District Department of Transportation

Trails Program

Anacostia River Trail

The District Department of Transportation (DDOT) is committed to providing safe and convenient bicycle and pedestrian access throughout the city through the creation of a network of interconnected trails. 

For more information, contact DDOT's Trails Project Coordinator, Michael Alvino.

Anacostia Riverwalk Trail

A key component of the revitalization of the Anacostia waterfront is the Riverwalk Trail. The Anacostia Riverwalk shared-use path is located along the west and east sides of the Anacostia River. The 20-mile multi-use trail stretches from Prince George’s County, Md. to the Tidal Basin and the National Mall in Washington, DC.

The trail will provide a safe and convenient means for users to access the Anacostia Waterfront and enjoy Anacostia Park. Access points are being linked to neighborhoods and points of interest along the length of the trail.

Regionally, the Anacostia Riverwalk Trail will connect to the Fort Circle Trails, the Bladensburg Trail, the Mount Vernon Trail, and C & O Trail. Nationally, the Riverwalk Trail will open up access to the East Coast Greenway, a network of bicycle trails linking Maine to Florida. DC’s Metrorail system will interface with the Riverwalk Trail to create a full range of transportation alternatives in the region.

The trail is being developed in a sustainable manner and is implementing LID technology in the planning and design of the trail facility.

Trail segments have been completed around RFK Stadium on the west bank and the River Terrace Trail on the east bank of the river. Construction began fall of 2009 on bridges over the railroad tracks east of the river in Anacostia Park and west of the river, just north of the Sousa Bridge. Construction was completed on the east side of the river near Kenilworth Aquatic Gardens  in October 2016.

Marvin Gaye Park Trail

The trail in Watts Branch Park (now Marvin Gaye Park) was first constructed in 1978, based on a plan developed by community residents. At 1.6 miles, it is the longest city-managed trail in the District.

The Watts Branch corridor has always been important to the District's transportation network. One of the early electric streetcar lines ran along Nannie Helen Burroughs Avenue, and the Chesapeake Beach rail line originated at the eastern end of the park. Over the years, the trail has fallen into disrepair. In 1997, the non-profit group Washington Parks and People began working with nearby neighborhoods to revitalize the park and trail, holding volunteer cleanups and social events.

In 2001, DDOT identified the Watts Branch Trail for improvements under the National Recreational Trails Program of the Federal Highway Administration. Design of the trail improvements began in 2003 and DDOT completed the trail improvements, including trail reconstruction and widening, new bridge and lighting, and landscaping in 2006.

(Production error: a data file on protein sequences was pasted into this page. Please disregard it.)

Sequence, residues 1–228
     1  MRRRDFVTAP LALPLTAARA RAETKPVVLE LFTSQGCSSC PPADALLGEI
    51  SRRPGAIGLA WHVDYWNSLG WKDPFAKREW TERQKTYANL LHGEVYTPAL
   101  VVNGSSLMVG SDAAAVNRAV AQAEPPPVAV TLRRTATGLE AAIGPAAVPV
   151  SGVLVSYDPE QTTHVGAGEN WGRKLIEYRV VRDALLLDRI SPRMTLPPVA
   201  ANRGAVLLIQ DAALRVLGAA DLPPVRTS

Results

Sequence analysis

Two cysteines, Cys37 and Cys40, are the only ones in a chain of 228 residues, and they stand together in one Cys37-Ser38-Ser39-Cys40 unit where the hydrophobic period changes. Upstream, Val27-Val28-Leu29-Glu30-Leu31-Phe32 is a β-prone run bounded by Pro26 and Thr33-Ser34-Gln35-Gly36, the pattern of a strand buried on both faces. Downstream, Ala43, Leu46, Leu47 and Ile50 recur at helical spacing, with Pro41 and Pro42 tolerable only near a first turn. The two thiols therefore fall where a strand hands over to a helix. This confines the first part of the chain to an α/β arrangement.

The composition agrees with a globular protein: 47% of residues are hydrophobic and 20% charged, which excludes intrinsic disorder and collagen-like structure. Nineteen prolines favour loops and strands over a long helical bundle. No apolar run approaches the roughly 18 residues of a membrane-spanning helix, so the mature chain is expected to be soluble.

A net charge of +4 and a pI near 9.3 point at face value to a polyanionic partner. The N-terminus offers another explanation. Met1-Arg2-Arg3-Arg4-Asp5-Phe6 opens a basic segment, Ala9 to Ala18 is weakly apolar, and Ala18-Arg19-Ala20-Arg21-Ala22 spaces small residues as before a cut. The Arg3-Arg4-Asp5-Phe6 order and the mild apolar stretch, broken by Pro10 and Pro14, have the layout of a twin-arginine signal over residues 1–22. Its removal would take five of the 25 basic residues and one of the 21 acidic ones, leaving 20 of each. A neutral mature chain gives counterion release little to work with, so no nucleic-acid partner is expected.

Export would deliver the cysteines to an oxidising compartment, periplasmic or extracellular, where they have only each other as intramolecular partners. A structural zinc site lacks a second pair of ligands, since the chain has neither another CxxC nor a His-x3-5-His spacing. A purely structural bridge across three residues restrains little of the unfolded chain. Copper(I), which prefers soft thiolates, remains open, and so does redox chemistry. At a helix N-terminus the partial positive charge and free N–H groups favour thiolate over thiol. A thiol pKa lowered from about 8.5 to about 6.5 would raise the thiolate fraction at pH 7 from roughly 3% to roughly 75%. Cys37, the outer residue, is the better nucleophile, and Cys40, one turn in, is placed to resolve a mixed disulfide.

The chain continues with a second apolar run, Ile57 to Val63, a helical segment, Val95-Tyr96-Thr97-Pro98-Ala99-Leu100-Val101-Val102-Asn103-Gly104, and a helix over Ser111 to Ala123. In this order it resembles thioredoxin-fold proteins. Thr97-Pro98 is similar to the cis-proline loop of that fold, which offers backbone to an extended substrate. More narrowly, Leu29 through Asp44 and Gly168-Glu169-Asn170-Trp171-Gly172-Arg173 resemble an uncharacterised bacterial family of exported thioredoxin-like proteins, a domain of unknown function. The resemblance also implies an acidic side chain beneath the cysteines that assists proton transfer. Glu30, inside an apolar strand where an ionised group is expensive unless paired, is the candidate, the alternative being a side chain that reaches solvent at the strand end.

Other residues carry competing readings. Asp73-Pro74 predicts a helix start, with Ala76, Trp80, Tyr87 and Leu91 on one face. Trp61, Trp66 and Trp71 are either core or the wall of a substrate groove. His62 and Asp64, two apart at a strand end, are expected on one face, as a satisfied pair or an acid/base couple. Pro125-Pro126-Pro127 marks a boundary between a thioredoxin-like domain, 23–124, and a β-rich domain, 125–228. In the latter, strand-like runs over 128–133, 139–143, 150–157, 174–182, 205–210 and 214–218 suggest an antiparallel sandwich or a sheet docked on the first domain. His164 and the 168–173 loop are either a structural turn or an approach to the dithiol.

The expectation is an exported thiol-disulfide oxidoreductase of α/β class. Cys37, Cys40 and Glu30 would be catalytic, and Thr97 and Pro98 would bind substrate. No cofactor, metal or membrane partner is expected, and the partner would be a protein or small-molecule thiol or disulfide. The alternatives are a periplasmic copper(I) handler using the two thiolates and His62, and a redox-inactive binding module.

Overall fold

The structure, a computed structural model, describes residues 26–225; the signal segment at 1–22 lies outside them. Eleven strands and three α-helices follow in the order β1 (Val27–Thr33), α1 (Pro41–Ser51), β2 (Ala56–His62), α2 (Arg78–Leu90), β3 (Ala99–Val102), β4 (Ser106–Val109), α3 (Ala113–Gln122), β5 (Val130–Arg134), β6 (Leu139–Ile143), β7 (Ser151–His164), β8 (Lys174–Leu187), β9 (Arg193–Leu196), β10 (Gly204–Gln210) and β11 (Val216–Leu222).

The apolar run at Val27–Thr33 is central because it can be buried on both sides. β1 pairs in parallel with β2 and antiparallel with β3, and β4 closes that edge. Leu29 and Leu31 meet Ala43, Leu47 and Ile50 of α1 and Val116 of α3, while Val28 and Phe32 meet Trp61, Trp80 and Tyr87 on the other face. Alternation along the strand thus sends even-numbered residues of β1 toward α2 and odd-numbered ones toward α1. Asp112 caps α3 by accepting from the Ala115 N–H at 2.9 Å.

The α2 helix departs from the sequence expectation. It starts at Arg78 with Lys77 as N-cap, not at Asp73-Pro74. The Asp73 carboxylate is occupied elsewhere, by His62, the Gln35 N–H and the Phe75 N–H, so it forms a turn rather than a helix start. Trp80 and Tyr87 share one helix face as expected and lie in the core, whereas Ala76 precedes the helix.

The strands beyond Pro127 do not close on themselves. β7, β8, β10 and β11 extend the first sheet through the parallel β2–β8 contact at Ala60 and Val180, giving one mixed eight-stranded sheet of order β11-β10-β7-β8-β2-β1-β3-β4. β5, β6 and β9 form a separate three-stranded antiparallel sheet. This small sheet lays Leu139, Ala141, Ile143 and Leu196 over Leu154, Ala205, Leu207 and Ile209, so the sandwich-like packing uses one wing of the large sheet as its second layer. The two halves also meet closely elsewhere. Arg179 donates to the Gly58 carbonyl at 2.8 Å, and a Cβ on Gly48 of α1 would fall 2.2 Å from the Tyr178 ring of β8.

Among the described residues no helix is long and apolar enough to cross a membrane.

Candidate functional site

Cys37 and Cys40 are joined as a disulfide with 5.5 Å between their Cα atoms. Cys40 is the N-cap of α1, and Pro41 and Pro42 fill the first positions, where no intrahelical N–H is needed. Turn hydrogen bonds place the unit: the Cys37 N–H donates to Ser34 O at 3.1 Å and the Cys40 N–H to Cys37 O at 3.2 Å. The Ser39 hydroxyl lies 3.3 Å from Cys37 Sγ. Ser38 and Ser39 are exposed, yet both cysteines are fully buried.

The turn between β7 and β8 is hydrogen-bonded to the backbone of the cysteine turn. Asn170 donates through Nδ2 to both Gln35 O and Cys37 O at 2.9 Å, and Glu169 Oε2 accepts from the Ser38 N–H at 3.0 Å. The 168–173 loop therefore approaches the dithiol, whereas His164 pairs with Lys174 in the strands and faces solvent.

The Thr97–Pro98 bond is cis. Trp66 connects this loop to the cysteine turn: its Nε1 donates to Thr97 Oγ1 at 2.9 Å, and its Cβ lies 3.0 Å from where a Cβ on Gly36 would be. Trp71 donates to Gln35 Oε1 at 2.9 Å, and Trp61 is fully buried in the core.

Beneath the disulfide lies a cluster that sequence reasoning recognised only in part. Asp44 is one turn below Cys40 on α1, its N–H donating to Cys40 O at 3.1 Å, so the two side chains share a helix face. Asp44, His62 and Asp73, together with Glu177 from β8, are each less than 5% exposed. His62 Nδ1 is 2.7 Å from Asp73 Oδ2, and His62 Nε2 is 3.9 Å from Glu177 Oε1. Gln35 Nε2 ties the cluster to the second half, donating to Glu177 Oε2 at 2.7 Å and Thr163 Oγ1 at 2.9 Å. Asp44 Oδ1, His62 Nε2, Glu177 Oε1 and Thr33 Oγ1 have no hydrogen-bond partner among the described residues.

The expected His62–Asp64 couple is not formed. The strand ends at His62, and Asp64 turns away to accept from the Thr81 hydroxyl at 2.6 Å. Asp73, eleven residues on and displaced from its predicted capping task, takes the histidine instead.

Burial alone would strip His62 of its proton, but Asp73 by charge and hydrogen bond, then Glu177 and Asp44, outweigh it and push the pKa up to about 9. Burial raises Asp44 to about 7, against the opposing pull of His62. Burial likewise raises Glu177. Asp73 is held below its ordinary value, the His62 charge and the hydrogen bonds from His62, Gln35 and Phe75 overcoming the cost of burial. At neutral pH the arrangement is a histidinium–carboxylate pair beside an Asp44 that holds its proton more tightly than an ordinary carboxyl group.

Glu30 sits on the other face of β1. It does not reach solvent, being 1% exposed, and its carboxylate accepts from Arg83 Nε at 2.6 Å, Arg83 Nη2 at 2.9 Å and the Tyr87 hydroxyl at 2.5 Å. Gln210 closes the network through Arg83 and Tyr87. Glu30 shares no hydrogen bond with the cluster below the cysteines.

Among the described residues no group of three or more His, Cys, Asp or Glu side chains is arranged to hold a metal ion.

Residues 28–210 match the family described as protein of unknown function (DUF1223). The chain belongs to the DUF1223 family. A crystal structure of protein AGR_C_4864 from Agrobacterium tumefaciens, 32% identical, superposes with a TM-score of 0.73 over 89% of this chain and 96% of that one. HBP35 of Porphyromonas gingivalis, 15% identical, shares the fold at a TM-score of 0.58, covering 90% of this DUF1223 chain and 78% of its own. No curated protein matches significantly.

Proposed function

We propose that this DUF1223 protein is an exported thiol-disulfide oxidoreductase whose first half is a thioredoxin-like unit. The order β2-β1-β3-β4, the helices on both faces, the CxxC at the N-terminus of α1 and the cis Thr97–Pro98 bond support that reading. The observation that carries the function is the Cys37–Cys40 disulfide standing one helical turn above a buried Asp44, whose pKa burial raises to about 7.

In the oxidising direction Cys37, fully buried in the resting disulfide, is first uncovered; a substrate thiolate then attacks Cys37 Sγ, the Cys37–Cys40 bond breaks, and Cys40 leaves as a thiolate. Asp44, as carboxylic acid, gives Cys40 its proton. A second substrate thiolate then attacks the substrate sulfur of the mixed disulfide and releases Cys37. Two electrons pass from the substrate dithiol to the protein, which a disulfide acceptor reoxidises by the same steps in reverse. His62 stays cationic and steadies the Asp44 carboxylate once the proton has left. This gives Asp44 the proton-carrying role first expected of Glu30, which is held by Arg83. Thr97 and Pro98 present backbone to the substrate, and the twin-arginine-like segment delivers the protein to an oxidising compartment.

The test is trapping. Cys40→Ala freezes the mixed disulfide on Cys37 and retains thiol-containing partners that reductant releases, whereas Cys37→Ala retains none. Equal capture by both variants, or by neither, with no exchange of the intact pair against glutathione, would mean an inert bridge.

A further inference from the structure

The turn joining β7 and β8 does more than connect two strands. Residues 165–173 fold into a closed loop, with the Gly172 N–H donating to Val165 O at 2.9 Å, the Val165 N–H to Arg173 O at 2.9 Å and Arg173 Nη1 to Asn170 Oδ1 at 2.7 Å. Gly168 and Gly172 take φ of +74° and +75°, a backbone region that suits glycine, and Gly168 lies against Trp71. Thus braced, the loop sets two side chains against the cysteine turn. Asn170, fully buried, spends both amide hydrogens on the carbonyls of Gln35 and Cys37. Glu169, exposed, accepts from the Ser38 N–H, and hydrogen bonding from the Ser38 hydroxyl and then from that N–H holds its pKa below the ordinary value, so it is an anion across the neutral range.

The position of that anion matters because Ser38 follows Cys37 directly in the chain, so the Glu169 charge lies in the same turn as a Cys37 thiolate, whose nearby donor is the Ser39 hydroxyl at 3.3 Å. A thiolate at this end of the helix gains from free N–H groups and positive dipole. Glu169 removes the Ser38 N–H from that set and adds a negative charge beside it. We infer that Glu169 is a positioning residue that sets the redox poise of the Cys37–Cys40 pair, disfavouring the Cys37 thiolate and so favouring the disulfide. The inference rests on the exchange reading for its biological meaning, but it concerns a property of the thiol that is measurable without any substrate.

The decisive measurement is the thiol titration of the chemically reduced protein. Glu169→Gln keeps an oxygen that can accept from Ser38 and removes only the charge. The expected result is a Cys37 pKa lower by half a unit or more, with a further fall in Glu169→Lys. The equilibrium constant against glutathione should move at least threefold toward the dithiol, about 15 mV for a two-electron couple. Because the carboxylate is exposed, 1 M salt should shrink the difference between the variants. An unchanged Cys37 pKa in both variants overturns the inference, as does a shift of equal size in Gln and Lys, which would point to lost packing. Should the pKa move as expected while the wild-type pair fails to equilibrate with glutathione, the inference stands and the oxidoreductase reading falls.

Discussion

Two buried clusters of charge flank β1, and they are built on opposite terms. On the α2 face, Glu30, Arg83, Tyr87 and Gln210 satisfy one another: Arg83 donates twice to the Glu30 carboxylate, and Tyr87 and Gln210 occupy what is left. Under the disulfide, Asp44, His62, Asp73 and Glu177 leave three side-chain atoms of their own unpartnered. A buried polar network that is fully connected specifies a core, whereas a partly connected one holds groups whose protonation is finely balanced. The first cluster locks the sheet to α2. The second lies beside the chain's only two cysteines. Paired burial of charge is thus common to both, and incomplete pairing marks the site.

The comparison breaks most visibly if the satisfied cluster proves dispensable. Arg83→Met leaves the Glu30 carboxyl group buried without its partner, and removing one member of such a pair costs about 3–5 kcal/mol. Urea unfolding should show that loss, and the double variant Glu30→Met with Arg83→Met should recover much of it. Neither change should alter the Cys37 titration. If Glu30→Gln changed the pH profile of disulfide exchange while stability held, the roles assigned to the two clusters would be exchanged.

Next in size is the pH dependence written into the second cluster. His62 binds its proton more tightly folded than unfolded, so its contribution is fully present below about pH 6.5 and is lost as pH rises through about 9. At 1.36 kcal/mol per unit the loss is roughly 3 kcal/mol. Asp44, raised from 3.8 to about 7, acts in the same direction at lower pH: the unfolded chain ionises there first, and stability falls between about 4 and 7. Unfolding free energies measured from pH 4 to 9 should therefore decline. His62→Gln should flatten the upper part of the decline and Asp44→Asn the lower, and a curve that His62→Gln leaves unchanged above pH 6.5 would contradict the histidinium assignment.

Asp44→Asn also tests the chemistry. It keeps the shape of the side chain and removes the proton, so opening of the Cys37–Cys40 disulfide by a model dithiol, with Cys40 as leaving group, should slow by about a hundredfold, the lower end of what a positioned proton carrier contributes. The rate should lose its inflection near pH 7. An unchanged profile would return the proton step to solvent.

Metropolitan Branch Trail

When complete, the Metropolitan Branch Trail (MBT) is an 8-mile multiuse trail that will run from Union Station in the District of Columbia to Silver Spring in Maryland. Following the Metropolitan Branch Line of the Baltimore and Ohio (B&O) Railroad, the trail passes through numerous vibrant and historic neighborhoods as well as connections to the National Mall. The MBT  is an important transportation route providing connections to homes, work, and play as well as access to seven Metro stations. Current plans include connections to the area's trail network such as the Capital Crescent Trail, Anacostia Trails Systems, and integration into the East Coast Greenway. 

For more information about the MBT, please visit metbranchtrail.com.

Oxon Run Trail

The Oxon Run trail system lies adjacent to Oxon Run, a tributary of the Potomac River, and within the park of the same name. Over the years, the trails and pedestrian bridges had fallen into disrepair with some sections missing entirely. In 2009, DDOT began work on a concept plan to rehabilitate and reconnect the trails as well as to install lighting, landscaping, benches, signage as well as a progressive water-quality improvement program, which calls for the installation of bio-retention ponds and bio-swales.

South Capitol Street Trail

This report provides a framework for the South Capitol Street Trail as was recommended in the DC Bicycle Master Plan. The proposed trail will be built along South Capitol Street (and Overlook Avenue) east of the Anacostia River. It will connect into the Oxon Run/Oxon Cove Trails and create links to downtown DC as well as National Harbor and Alexandria. This trail will be developed as part of the Anacostia Riverwalk Trail and in conjunction with adjacent projects.